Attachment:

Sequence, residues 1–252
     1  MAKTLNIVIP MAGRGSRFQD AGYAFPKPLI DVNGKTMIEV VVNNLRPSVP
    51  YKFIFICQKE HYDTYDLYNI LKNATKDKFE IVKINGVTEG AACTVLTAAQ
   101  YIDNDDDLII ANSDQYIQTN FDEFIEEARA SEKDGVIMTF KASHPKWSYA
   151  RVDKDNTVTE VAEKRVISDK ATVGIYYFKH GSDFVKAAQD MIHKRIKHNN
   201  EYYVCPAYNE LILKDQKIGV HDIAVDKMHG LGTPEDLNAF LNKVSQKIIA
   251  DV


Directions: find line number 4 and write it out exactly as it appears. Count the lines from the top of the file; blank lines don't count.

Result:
   101  YIDNDDDLII ANSDQYIQTN FDEFIEEARA SEKDGVIMTF KASHPKWSYA